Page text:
Keep it Simple, Stupid


Growing up in the Bay Area, I used to go to the Zeum in San Francisco with my parents. Since rebranded as the Children’s Creativity Museum, it’s a space in Yerba Buena Gardens that hosts exhibits catering to kids. By far, my favorite activity was the claymation where I’d get to design characters and shoot short scenes. I figured out how to make a model jump using wires and add a muzzle flash with one frame of red clay.

Today, I don’t remember many specifics but there was one activity that stood out. The goal was to build a RC car using various parts: motors, wheels, plastic connectors, etc. Once the car was built, it’d take an elevator to the net above where you’d try to drive it around. Like any good kid I built the coolest car I could, adding wings and decorative armor. It was a mess and could barely move.

At this point my dad, who was notoriously patient with these kind of things, stepped in to help. We scraped my original design for the most bare-bones car that would run. Four wheels and a motor. It worked remarkably well and after running around the course a few times I got to add the wings back on.

As I’ve grown, it’s surprising how often this lesson keeps popping up. The best recipes and drinks don’t necessarily have flair, they’re composed with a few, well-chosen ingredients. Programming is about building interfaces that make complex things intuitive. Giving users straight forward designs that are easy to use and hard to misuse. Since that day with the RC cars, I’ve also learned that simple is hard. It represents the experience that’s taught you “these are the things that are necessary, and these are the things that are extra.”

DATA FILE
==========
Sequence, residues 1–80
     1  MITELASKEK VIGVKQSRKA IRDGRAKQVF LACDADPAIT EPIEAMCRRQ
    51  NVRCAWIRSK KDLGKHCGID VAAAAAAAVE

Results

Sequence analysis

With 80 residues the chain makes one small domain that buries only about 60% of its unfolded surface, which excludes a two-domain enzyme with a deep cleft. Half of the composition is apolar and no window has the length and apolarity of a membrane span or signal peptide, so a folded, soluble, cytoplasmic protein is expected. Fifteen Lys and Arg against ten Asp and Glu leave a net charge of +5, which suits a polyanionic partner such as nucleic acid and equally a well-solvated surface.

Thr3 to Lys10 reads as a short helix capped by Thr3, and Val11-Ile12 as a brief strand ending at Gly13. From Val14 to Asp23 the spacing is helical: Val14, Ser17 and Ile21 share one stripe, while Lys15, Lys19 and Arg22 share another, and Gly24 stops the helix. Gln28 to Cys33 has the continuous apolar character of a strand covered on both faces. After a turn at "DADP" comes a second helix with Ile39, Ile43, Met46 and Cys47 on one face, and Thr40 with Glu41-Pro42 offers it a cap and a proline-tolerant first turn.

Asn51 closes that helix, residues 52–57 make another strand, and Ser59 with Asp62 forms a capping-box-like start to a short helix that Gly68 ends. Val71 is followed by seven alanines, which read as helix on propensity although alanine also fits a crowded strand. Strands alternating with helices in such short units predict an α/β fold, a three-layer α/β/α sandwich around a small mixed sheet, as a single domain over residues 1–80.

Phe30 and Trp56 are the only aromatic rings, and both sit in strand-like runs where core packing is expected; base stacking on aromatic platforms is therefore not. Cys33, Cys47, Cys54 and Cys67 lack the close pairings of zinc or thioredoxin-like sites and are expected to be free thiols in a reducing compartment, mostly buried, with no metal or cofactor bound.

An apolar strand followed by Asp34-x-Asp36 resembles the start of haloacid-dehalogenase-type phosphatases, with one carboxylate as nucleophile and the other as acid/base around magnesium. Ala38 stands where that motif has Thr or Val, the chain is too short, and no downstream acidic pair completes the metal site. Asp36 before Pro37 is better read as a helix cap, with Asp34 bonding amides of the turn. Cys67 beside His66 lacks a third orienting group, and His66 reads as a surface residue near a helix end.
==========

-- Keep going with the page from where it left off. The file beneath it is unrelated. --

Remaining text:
This holiday season marks thirteen years since my dad passed. Thirteen years is a funny amount of time. It’s not a round number and I’ve personally been past the grieving phase for a while now.

I’ve started to see more of these lessons that I attribute to my dad. Taking the same career path, I even finding things in his study that I relate to. Operating system and database textbooks or a copy of The Mythical Man Month. But like the Zeum, it’s hard to remember specifics. As I get older those memories start to fade, or might even be things that I made up along the way.

When you lose someone they often become what you need them to be. A bastion of good or a lesson that you take to heart. I found what you really lose is the ability for that person to surprise you. To say something that you wouldn’t expect, to piss you off, to be an individual with all of their faults and flaws. “Keep it simple, stupid” is a mantra that I hold dear, but it feels too simple to say that I understand it like my dad did, or that he was the perfect example of it. I’ll never know, and that’s what’s been lost.

I’m thankful for the people in my life because they surprise me. Because they’re different in ways that I’ll never completely grasp, but I get to try to learn a little more every day.

Legacies are messy. You try to never forget those that are gone, but you do in little ways. Thirteen years on, I want to celebrate what makes that so sad. People are unique and dynamic, and that’s hard to replace with lessons and sayings.